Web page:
Lyrics and Translations

[MV Recommendation] The Peter Pan Syndrome Trilogy and Love Psychology

What happens if Peter Pan falls in love with Cinderella and Cinderella loves him back? What if this happened at Prince Charming’s ball and he’s painfully aware of it all? That basically sums up the situation in this trilogy by BuzzG.

Peter Pan syndrome, as you might already know, is a pop psychology concept that describes an adult who is socially immature. Accordingly, the song is about a man who can’t grow up. He’s in love with the girl from his childhood, who ended up sending him a wedding invitation. Ouch.

At her wedding, he still can’t help but wish that she wouldn’t say her vows and would run away with him. He realizes the impracticality of his wishes, so he conceals it by giving the bride a cheerful “おめでとう” (congratulations). In the end, he is someone who only knows how to run away, as the chorus indicates, despite understanding that Neverland can never be found.

The “Cinderella paradox” is more commonly known in the West as “Cinderella complex.” According to the 1981 book Cinderella Complex written by Colette Dowling, women have a fear of independence and subconsciously desire to rely on a man/men. The Japanese Wikipedia page for Cinderella complex further states that this hidden desire causes women to have high demands when seeking for a partner. The Cinderella of this song is in love with Peter Pan, but chooses another man to marry despite her feelings. If we take the Cinderella complex into consideration, her choice would be due to the fact that Camellia (let’s call her groom that for lack of a name) is a more dependable person. Indeed, she says “ハンサムな人が好き   お金持ちが好きよ” (I like handsome people, I like rich people), but adds that it’s a lie that makes her feel unwell. Apparently, she doesn’t love Camellia at all, but still marries him because she feels an unromantic need for someone handsome and rich.

The camellia complex is something lesser-known. I couldn’t find information on it in English, but I’m sure it’s a thing in English too. It’s the counterpart to Cinderella complex, where a man desires to be the rescuer of a damsel-in-distress – a woman suffering from unfortunate circumstances. The Camellia in this song is the most perceptive of the three. He realizes the things going on between Peter Pan and Cinderella, and is hurt by the fact that they all have to keep deceiving each other. Yet, somehow, he feels that it is his duty to protect Cinderella by being her partner. He does genuinely seem to love her.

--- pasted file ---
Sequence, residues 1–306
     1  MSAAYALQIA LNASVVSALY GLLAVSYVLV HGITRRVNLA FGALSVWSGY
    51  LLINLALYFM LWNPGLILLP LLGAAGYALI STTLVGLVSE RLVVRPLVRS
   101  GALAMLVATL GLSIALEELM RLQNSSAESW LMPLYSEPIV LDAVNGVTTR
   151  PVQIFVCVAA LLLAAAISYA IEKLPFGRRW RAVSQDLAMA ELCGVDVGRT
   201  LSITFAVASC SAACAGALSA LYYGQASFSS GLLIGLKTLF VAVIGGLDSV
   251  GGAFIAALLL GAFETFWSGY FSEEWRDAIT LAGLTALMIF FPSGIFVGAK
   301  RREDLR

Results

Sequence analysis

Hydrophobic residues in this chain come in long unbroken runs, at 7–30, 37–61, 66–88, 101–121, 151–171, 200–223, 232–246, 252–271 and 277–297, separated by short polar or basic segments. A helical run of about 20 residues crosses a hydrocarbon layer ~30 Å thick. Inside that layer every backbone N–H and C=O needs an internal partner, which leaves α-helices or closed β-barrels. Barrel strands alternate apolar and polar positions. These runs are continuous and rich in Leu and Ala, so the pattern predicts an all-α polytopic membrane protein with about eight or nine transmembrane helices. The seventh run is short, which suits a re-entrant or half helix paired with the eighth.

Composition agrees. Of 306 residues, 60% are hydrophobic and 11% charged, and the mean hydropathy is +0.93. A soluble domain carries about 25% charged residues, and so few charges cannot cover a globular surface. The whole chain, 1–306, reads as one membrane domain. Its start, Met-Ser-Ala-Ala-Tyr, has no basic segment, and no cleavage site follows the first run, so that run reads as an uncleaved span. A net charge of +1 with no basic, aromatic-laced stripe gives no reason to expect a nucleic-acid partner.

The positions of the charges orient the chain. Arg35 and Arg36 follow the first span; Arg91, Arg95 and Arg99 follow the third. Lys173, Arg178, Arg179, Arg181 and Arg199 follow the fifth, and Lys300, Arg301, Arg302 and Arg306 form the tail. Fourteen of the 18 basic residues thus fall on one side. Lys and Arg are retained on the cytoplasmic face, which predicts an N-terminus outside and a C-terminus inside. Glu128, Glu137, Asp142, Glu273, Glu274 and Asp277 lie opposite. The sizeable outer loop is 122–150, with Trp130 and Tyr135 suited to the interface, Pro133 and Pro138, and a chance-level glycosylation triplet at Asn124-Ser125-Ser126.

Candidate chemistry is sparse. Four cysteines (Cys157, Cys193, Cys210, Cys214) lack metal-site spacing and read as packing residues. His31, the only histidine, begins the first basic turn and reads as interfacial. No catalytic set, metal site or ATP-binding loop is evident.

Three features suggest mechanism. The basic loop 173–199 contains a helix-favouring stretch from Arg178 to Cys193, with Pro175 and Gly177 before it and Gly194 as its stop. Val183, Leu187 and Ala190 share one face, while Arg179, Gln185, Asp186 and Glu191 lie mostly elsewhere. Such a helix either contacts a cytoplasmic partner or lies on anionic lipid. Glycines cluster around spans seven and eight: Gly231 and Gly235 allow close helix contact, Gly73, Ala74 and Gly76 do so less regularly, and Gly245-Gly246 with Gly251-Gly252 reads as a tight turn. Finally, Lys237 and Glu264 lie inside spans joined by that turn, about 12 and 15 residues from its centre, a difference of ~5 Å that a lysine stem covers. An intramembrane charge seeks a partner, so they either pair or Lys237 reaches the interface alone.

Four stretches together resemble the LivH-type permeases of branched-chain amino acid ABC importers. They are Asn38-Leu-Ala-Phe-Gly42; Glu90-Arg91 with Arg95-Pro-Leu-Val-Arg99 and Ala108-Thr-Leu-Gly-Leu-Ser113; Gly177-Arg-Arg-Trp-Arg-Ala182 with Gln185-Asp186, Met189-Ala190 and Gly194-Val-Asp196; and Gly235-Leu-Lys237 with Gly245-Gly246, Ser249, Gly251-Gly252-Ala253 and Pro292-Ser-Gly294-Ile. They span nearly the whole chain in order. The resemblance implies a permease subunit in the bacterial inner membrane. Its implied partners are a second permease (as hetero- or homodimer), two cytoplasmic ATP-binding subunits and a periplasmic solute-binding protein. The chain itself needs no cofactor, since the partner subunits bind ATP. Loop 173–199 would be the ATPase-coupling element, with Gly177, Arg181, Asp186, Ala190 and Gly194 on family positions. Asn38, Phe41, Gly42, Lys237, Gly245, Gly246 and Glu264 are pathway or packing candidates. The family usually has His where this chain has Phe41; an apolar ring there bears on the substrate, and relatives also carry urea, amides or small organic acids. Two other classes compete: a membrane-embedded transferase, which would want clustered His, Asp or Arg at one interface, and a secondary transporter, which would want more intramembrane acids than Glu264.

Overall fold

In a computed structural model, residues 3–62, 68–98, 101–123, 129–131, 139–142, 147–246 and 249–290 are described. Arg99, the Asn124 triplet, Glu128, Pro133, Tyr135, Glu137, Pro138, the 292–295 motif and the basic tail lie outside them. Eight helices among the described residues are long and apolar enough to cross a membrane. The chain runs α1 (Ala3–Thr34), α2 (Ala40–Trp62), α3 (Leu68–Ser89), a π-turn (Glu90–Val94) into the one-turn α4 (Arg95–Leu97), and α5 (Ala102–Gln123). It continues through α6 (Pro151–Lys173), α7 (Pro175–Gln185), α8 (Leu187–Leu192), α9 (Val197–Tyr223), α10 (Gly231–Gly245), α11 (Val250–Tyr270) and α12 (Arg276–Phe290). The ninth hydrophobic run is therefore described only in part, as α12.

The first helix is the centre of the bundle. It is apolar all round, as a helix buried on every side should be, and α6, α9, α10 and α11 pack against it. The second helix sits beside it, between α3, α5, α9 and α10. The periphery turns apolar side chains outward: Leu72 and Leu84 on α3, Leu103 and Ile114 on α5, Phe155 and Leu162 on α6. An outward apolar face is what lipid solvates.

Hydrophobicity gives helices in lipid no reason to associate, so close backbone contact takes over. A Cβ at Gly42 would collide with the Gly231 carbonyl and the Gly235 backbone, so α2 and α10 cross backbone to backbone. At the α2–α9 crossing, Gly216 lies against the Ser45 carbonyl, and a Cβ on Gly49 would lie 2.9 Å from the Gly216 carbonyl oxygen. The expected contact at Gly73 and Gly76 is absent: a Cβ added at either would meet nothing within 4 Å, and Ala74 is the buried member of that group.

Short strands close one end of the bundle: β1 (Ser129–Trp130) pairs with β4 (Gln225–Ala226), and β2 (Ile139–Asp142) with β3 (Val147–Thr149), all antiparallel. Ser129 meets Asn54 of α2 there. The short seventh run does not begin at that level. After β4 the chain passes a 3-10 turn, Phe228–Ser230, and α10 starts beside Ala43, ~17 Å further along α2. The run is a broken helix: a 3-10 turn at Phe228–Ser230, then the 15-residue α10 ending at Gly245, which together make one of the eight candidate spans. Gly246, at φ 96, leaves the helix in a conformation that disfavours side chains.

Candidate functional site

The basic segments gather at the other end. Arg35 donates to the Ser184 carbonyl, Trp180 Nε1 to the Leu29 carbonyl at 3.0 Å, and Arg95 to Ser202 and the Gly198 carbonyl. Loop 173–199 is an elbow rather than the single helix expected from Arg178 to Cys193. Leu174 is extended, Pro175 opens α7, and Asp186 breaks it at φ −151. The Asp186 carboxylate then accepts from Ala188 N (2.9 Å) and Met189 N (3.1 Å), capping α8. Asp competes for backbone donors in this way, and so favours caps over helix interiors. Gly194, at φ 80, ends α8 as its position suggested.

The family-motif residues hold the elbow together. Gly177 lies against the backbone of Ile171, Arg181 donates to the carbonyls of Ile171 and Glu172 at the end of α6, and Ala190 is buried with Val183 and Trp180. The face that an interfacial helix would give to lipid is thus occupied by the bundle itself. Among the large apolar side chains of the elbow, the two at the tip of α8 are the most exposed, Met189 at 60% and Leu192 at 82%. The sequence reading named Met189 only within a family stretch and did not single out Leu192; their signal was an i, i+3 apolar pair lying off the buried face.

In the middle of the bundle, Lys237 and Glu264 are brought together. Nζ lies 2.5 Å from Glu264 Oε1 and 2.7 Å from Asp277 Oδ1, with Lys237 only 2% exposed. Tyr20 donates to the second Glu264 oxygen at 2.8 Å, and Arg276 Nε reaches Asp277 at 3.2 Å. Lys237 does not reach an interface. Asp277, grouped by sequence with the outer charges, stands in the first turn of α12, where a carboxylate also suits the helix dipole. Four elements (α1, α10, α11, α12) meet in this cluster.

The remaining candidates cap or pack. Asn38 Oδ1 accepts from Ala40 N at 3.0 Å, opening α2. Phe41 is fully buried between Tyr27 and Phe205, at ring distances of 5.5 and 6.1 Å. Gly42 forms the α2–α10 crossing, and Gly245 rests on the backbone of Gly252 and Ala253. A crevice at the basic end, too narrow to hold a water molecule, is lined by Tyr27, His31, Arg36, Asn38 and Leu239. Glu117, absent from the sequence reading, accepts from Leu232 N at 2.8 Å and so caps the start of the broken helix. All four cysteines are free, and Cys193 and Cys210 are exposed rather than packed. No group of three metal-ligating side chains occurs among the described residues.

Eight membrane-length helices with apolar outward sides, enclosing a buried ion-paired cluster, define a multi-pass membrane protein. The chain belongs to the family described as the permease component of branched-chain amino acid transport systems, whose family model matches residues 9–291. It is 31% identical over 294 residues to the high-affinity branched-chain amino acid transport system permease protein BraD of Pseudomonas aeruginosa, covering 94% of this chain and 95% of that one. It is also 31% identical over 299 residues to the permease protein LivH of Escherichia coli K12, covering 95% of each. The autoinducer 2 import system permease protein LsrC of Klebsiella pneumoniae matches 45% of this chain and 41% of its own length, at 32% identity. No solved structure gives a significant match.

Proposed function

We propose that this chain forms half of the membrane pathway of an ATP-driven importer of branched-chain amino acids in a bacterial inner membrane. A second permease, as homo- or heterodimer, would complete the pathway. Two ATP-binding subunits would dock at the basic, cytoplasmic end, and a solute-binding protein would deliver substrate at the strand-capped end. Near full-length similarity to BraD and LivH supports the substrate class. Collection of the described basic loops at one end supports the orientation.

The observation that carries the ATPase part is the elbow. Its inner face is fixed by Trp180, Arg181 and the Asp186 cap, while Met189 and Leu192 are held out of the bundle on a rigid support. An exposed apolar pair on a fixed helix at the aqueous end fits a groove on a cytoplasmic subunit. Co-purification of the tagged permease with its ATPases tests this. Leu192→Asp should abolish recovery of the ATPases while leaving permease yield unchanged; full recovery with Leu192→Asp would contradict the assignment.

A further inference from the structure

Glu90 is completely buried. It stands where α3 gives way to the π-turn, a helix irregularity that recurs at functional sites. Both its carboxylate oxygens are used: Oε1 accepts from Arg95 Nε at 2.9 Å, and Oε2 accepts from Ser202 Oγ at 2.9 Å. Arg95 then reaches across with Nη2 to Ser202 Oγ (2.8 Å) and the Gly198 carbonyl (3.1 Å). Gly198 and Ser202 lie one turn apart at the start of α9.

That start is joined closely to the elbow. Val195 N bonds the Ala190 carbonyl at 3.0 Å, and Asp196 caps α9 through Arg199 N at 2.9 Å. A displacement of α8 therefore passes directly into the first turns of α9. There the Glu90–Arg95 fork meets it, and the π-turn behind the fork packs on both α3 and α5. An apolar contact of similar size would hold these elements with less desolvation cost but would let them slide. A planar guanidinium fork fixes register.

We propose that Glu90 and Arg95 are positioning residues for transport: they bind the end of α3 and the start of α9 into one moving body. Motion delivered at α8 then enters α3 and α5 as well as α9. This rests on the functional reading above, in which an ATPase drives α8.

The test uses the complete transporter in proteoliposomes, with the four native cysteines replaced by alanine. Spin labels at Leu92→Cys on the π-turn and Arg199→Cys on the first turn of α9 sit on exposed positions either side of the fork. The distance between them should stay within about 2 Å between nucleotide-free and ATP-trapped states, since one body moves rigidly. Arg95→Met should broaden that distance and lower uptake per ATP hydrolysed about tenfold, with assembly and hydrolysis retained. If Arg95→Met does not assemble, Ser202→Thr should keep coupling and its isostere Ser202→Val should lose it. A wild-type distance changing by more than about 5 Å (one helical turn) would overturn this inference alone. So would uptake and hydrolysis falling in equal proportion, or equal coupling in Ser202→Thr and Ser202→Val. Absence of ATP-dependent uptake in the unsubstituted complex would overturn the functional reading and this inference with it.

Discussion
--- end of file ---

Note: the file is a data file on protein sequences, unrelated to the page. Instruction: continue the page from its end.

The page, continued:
In the end, all three protagonists talk about being doomed by the sound of church bells. The marriage is inevitable because of their psychological fixations, but is also what serves as a boundary preventing them from accessing each other’s feelings.

Despite the cool psych things, I don’t actually know if I like the fact that it’s a three-part series. “Peter Pan Syndrome” alone conveyed a poignant unrequited love, and “Cinderella Paradox” changed the equation but does add to the tragedy. When it got to “Camellia Complex,” I felt like it was almost too predictable and not really necessary? Still, it’s a pretty series that I do recommend (especially this version by luz).

6 thoughts on “[MV Recommendation] The Peter Pan Syndrome Trilogy and Love Psychology

  1. Very interesting. I knew about the Peter Pan Syndrome, but I haven’t heard about the other two. After reading this and listening to the songs again, I wanted to leave my thoughts on this topic here too…
    (Friend – A, Bride – B, Groom – C)
    A was in love with B, but he was alright with being with her as it was. He didn’t say that he loved her, he didn’t even thought about asking her out. That was until she got married. After he heard that she was going to marry another man, he realized how much he loved her and wished for time to stop. He wanted to go back to the time when they were still together as kids (“Don’t wake me up from this dream yet.”). But that, he couldn’t tell her (“And take only you away, but I don’t have such courage or strength to do that…”). All he could do was stand by her side on her wedding, wishing her good luck and supressing his own feelings (“Don’t cry as if you’re happy. Once more, show that smile only to me.”).
    B on the other hand was always in love with him, but they slowly distanced themselves from each other (“I believed this would continue forever, but I come to know of the changing days.”). That’s when she met C. She couldn’t fall in love with him, but he was by her side. He was there for her. That’s why she agreed to marry him, thinking that maybe one day she’ll forget A and truly love C. Thinking that if as long as A is happy, she could also find happiness. But even on her wedding day, she was still hoping for A to take her away (“If only you’d carry me off like this…”). She wanted to run away with him, but she knew that that won’t happen (“…but that sort of dream can’t possibly happen.”).